Central Ohio home sales slip as coronavirus fallout takes toll
Central Ohio home sales fell sharply in April and dropped to their lowest level in a decade nationally, as the coronavirus pandemic took full hold of the real estate market.
In the Columbus area, 2,277 homes changed hands during the month, down 15.1% from a year ago.
The number of homes under contract in April fell 19.1%, suggesting that May's sales figures will be even worse.
While demand for homes appeared to remain strong, sales were hampered by would-be sellers staying put during the pandemic. The number of central Ohio homes listed for sale plunged 27% in April from a year ago, further reducing the area's already low number of homes on the market.
The shortage of listings pushed the median price of a central Ohio home up 3% during the month to $220,000, as buyers competed for a handful of choices.
In another sign of buyer interest, homes that sold in April were snapped up in an average of 30 days, faster than a year ago, despite a global pandemic.
"Homes sold even more quickly in April than in the past few months," said Andy Mills, president of the Columbus Realtors trade group. "Given the 'shelter in place' order and additional challenges this presented for the closing process, this came as a bit of a surprise."
Demand remains especially robust for lower-priced homes. Homes under $350,000 had been listed an average of only 25 days before selling.
Statewide, sales were off 18.6% from a year ago, led by sharp drops in the Cincinnati, Dayton and Toledo areas.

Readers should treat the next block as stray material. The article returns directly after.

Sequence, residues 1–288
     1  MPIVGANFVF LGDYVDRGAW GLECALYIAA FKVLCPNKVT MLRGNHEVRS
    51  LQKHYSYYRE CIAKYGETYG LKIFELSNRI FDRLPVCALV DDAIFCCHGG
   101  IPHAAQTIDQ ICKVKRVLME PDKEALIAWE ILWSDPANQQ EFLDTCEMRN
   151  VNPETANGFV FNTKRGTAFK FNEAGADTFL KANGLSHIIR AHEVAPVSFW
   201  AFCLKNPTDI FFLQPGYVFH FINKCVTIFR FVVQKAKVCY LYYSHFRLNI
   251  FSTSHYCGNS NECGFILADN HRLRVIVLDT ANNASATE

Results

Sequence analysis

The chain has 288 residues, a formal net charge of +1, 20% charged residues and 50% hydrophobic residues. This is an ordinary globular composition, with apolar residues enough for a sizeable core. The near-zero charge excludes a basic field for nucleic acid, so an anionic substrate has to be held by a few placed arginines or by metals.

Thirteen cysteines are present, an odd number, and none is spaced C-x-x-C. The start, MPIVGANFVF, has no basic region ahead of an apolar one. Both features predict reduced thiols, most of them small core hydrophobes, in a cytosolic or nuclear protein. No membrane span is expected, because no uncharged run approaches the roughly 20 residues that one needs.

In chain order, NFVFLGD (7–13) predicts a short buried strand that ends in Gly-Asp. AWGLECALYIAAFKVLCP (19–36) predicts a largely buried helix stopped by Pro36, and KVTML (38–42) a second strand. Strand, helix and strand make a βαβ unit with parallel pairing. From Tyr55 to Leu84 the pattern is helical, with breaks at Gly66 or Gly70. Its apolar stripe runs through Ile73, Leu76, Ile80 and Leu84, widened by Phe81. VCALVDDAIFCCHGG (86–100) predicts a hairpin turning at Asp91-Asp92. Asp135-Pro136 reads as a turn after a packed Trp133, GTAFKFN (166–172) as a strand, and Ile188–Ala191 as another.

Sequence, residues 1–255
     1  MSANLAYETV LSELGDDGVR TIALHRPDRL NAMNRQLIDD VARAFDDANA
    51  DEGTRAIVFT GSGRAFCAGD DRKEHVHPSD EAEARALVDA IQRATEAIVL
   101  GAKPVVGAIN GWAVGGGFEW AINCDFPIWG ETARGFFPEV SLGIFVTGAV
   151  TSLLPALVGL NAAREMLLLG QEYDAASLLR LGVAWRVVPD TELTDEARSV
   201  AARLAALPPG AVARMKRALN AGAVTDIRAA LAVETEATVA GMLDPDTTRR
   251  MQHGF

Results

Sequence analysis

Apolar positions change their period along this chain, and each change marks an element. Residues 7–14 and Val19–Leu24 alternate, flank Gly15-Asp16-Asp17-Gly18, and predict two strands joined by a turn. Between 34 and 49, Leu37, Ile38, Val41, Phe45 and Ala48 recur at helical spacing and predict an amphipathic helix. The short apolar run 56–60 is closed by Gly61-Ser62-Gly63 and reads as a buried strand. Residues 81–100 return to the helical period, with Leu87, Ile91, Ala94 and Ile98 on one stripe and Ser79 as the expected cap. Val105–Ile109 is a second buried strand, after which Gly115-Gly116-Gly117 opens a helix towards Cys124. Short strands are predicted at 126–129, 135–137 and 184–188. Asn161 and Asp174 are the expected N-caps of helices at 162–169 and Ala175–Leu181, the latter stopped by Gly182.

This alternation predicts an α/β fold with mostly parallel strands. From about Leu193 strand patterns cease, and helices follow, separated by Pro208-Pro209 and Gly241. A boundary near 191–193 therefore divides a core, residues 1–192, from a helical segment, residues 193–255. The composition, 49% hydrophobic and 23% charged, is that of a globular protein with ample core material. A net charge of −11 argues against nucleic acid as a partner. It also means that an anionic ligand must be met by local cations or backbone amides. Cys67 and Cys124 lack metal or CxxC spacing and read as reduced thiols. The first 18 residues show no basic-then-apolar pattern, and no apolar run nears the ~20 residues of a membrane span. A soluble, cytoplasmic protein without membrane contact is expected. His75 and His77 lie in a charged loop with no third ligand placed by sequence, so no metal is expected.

"The Ohio housing marketplace was significantly impacted by the COVID-19 crisis, as sales activity fell drastically in the days and weeks leading up to state issuing its 'stay at home order' on March 22," said Ohio Realtors President Chris Reese.
"We experienced a slowdown in showings, sellers removing their homes from the market and an overall desire to shelter in place for most of the month," Reese said.
Nationally, home sales fell 17.8% to a seasonally adjusted annual rate of 4.33 million in April, the lowest level since July 2010, according to the National Association of Realtors.
Home prices, however, rose 7.4% across the country, driven by strong demand among first-time buyers and low interest rates.
"The economic lockdowns occurring from mid-March through April in most states have temporarily disrupted home sales," said Lawrence Yun, chief economist for the Realtors association. "But the listings that are on the market are still attracting buyers and boosting home prices."